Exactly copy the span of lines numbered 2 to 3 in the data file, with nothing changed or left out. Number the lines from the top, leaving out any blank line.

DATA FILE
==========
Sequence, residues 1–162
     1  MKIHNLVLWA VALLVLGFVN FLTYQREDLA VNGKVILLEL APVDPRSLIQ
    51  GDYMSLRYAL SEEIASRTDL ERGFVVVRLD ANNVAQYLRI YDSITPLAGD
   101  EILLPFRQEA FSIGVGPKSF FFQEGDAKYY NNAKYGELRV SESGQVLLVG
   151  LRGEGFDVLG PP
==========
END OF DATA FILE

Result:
     1  MKIHNLVLWA VALLVLGFVN FLTYQREDLA VNGKVILLEL APVDPRSLIQ
    51  GDYMSLRYAL SEEIASRTDL ERGFVVVRLD ANNVAQYLRI YDSITPLAGD